There is nothing to fear!

March 30, 2022

Since our project Neo-PRISM-C aims to study neurodevelopmental disorders which emerge early in development, many of our sub-projects require research involving children. However, parents might sometimes be hesitant about participation in research with their children, simply because they have never done it before. In this blog post, we want to show you that there is nothing to fear and share some tips for your next lab visit!

Don’t be nervous!
First of all, keep in mind that researchers are humans, too and it is very likely that they will be just as or even more nervous than you and your child are when you arrive for the testing session. Researchers have usually spent weeks or months preparing their experiments, but they can never be 100% sure that they have thought of everything unless they test it with their young participants. Thus, you can imagine that especially the first testing sessions are certainly nerve-racking for the researcher!

So, when you get to the lab, try to be relaxed as there is no need to try and impress anyone! When you feel safe and confident, your child will do, too.

Perfect timing
One aspect that makes life easier for all of us is the timing, so try to be on time for the testing sessions! Oftentimes, lab time slots are limited, and multiple testing sessions are not seldom scheduled after each other. Even if only a few people show up 10 minutes late, it can be difficult for researchers to test all the children they intended to.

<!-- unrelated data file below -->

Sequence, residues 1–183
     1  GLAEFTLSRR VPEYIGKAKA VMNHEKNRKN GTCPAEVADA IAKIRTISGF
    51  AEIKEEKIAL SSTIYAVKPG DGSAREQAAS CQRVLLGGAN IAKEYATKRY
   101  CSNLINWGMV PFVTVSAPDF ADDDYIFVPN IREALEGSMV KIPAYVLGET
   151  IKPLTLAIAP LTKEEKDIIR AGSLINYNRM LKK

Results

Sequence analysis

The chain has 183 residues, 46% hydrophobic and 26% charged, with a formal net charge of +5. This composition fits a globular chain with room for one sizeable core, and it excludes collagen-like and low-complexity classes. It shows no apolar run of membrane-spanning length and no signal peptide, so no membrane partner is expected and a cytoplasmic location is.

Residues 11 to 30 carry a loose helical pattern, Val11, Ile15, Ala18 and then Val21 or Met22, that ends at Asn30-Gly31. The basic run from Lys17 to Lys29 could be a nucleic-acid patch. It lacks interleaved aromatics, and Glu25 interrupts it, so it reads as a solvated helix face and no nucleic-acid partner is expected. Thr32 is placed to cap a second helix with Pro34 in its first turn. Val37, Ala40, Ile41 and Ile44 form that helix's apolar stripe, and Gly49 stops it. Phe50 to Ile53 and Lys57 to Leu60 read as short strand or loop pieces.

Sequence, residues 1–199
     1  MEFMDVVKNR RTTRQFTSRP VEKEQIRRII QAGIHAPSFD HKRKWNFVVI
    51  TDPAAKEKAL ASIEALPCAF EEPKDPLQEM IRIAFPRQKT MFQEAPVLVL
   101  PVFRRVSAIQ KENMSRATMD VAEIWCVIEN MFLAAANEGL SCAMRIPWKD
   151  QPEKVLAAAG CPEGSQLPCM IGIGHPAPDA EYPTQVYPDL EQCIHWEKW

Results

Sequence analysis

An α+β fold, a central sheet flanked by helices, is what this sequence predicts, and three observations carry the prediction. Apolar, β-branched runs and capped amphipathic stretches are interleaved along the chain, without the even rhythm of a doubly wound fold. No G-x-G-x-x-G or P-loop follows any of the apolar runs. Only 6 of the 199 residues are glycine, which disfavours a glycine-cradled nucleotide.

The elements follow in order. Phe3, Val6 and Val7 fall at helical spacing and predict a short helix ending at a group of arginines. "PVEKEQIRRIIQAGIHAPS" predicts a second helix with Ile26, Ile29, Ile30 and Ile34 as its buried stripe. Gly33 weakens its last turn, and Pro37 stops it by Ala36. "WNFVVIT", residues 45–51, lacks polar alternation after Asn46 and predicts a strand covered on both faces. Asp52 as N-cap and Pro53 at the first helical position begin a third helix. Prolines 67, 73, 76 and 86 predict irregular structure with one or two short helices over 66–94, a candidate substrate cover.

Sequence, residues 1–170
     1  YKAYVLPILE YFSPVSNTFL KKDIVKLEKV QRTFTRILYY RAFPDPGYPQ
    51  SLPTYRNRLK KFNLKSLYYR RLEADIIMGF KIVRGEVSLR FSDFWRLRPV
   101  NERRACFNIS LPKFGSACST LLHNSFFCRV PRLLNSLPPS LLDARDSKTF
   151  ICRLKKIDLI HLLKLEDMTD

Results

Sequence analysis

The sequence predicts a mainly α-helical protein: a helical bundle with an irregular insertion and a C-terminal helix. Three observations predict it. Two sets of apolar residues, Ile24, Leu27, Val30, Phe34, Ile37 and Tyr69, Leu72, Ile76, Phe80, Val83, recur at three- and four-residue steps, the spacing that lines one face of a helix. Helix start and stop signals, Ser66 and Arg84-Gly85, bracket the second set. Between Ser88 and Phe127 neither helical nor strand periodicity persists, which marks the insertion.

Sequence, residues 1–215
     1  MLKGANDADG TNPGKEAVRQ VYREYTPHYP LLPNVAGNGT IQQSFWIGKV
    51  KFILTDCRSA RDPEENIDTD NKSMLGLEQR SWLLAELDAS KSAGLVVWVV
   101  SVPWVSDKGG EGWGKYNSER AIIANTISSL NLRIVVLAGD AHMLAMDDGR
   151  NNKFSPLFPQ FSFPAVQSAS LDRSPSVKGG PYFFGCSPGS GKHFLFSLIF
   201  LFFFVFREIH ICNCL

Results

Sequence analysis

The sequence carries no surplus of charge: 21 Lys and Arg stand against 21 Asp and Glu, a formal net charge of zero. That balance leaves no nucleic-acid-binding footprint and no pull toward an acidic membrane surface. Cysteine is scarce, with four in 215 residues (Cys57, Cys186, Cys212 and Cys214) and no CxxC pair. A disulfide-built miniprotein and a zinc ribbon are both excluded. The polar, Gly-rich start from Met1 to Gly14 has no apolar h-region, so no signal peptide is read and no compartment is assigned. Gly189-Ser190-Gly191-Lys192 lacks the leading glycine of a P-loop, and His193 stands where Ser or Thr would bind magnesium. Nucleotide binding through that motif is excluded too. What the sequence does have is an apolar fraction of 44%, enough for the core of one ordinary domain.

Also, try to schedule the testing session at a time where your child is usually not too stressed. For example, try not to squeeze the testing session in between your child’s 8 hours of school and the afternoon swimming class. Sometimes, assessments can take some time and are thus mentally exhausting for your child, and then it is very likely that motivation decreases rapidly. We want it to be as relaxed and fun as possible for all of us!

Pepper us with questions!

In the beginning of a testing session, researchers usually explain the entire procedure to you and your child. However, please do not hesitate to ask questions if something remains unclear! We all benefit if your child feels safe and comfortable, and especially when unknown equipment (like an EEG cap or an eye tracker) is involved in the testing, it is even more important that your child is not frightened of something. Plus, visiting a lab is a perfect opportunity for your child to spark their interest in science, so we even encourage your child to be curious and ask questions!

Of course, you are also more than welcome to ask about the specific aims and objectives of the study your child is participating in, and researchers are more than happy to provide you with this information. However, we recommend asking about that at the end of the testing session, as explaining what specifically we are trying to investigate might influence your child’s behavior or responses, which we want to avoid.

Lisa Hintermeier, University of Jyväskylä, Finland

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